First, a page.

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Their goal was to create the accidental effects of the “countryside” in a series of changing patterns as people approached the building.

Yellow Helianthus

In the early 2000s, the gardens were revamped to exacting standard and historic accuracy. Everything growing today is typical of the Regency Period.  Strolling the grounds is like stepping back in time!

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This next image is one of my favorites from our entire trip. :) What a beautiful Buddleia!

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Unexpected textures and shapes were everywhere. Look at these Hydrangeas!

Royal Pavilion Hydrangeas

My knowledge of Mediterranean zone plants is fairly lacking! Might this be Killarney Strawberry tree (Arbutus unedo?) The leaves don’t look quite right, but what a pretty shrub!

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I’ve Googled (hard!) and also asked a few gardening friends about this next “unknown.”  No luck!  Any ideas?

Who am I?

Who am I?

I do however know Fuchsia! I grew quite a few in Massachusetts and was thrilled to see this vibrant specimen!

Fuschia

The Asters were everywhere, but I liked these best:

Aster amellus "Violet Queen"

As we were leaving, I noticed something else I couldn’t quite identify. Eupatorium? Some kind of Verbena? Oy..I have a lot to learn!  :)  (Nice iron scrolled fencing, though!)

Iron Fence

For further info and scheduled events, check out the Royal Pavilion official site.

Until next time!

:) :) :)

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Mid October Flowers

The 85-90° heat has broken!

As I type this, it’s sunny, clear and 71°F, a perfect morning to move around the garden. :)  The Super Cosmos (as I call them) are having their fullest/tallest bloom cycle ever, several reaching 10ft!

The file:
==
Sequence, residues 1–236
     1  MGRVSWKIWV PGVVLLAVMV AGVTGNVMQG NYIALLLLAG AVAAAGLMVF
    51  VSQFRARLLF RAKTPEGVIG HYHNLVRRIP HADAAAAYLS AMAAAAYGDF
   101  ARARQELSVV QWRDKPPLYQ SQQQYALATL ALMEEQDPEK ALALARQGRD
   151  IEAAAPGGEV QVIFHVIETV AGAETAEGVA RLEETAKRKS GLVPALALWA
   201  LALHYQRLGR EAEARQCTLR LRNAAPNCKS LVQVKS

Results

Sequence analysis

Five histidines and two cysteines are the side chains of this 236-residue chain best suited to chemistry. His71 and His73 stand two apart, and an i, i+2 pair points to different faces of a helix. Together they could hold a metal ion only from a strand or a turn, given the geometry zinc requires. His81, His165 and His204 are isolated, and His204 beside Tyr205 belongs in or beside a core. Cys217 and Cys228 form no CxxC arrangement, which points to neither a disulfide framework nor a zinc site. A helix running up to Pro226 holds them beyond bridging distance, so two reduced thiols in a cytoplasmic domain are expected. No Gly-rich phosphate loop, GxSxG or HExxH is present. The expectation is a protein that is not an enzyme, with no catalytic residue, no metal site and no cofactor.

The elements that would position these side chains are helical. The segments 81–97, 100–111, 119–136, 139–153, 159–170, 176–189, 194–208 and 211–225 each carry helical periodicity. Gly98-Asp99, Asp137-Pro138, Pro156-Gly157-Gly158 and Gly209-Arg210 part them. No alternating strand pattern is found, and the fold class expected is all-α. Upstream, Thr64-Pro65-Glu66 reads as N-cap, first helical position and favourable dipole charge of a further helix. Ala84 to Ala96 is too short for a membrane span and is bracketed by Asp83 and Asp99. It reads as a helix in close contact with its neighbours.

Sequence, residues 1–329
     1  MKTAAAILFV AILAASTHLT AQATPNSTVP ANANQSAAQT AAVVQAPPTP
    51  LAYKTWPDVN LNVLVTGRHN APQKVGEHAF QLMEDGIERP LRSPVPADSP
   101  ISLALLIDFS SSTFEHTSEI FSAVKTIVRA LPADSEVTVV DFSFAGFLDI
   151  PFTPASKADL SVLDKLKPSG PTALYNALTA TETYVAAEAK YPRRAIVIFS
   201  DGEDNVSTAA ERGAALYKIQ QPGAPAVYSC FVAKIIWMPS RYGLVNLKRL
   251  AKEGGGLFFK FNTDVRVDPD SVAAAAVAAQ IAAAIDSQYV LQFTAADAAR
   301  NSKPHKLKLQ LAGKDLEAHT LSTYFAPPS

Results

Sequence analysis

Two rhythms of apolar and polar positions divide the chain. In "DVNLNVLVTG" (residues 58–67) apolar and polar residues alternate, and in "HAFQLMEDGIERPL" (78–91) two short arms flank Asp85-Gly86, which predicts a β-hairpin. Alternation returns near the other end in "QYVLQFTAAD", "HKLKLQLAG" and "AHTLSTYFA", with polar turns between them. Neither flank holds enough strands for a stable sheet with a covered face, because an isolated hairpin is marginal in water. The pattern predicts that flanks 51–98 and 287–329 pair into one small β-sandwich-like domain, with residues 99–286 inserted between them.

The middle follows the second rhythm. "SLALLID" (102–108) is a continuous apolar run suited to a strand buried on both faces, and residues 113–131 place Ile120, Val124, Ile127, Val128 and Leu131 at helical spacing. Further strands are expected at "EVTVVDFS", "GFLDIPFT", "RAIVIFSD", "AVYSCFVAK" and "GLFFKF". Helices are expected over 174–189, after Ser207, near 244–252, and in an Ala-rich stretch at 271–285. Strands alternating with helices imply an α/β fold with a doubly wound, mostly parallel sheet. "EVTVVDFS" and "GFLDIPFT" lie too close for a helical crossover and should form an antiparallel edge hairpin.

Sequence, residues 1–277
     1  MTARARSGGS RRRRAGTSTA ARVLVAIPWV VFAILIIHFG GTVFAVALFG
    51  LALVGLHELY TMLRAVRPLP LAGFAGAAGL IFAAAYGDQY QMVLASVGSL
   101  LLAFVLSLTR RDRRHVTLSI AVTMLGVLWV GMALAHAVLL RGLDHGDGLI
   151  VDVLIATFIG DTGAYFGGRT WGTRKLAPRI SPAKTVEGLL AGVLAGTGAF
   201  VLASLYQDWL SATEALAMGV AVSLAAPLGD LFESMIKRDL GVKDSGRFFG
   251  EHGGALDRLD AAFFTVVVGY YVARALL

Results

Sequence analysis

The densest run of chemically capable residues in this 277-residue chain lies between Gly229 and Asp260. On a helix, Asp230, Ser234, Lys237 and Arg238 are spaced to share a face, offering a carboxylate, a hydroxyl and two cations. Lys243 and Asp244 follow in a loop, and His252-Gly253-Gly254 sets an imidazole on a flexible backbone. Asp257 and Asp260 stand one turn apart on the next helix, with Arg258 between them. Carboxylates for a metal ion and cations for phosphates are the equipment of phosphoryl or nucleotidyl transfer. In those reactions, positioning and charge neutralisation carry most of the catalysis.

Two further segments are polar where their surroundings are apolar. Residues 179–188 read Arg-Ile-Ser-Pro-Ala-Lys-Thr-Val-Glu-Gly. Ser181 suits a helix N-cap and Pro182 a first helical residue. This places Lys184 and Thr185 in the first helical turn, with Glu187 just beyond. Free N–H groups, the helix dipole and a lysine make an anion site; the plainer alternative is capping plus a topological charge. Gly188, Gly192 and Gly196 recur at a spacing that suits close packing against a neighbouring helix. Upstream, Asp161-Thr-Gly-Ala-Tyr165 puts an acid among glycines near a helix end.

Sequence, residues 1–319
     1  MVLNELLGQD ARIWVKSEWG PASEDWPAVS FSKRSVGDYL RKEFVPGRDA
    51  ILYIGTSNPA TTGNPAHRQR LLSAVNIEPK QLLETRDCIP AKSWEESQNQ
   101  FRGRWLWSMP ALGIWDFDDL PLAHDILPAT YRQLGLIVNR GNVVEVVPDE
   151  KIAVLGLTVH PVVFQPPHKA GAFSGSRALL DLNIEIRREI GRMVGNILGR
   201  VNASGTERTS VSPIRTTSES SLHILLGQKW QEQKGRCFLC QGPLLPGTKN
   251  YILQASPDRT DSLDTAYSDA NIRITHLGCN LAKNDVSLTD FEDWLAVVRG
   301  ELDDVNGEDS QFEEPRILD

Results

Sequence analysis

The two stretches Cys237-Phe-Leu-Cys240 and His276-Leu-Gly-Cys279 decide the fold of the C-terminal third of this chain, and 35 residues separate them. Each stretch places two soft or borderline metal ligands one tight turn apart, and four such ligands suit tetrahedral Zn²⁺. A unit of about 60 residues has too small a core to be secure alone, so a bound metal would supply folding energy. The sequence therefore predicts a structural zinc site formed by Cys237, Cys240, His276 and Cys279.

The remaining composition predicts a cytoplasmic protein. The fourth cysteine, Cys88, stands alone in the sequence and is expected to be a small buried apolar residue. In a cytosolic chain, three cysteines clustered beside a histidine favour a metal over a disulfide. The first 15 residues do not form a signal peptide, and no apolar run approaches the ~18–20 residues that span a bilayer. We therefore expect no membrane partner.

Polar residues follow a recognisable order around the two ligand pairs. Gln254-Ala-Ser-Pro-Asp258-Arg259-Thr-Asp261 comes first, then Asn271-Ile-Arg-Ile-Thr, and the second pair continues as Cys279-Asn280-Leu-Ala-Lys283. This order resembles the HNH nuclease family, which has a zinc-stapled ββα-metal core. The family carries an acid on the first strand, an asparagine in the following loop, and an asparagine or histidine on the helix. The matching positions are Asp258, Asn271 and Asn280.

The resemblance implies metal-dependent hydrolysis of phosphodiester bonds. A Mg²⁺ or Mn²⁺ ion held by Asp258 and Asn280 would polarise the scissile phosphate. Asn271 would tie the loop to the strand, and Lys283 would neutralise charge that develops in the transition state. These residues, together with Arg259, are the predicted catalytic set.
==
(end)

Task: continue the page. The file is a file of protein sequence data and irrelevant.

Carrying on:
Super Cosmos, 10ft tall!

After conserving energy in the long Florida summer, the vine wall is waking up nicely.  Tecoma capensis (aka Cape Honeysuckle) is a particularly welcome sight.

Tecoma capensis

And here it is again, peeking through Passiflora foliage and a string of Ipomoea quamoclit (aka Red Cypress Vine.)

T. capensis and I. quamoclit on the vine wall

Now this next plant is one I really hate!! Lantana camara is too common and rough-leafed for my taste, but it came with the house and photographs well:

Lantana camara

I have strong feelings in the opposite direction for Primrosewillow: love every variety including Ludwegia peruviana, a Category 1 invasive. In my yard it appears only singly/randomly, so I’m not too worried about it…yet. This morning it looked particularly cheery.

Ludwegia peruviana

I’m thrilled to see a flower forming on the Cattleya hybrid (aka Potinara Elaine TayIor) purchased in February 2013.  Like most orchids, it was in bud when I brought it home, but lain dormant ever since!

Potinara Elaine Taylor in bud

Cast your eye to the left in the image above. What looks like the trunk of a young tree, is actually a Cosmos stem! (Now you know why I’ve dubbed them “Super!!”) I think there may be wierd, GMO/Monsanto sh*t going on here! ;)

Until next time…

:) :) :)

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Schefflera arboricola Flowers/Berries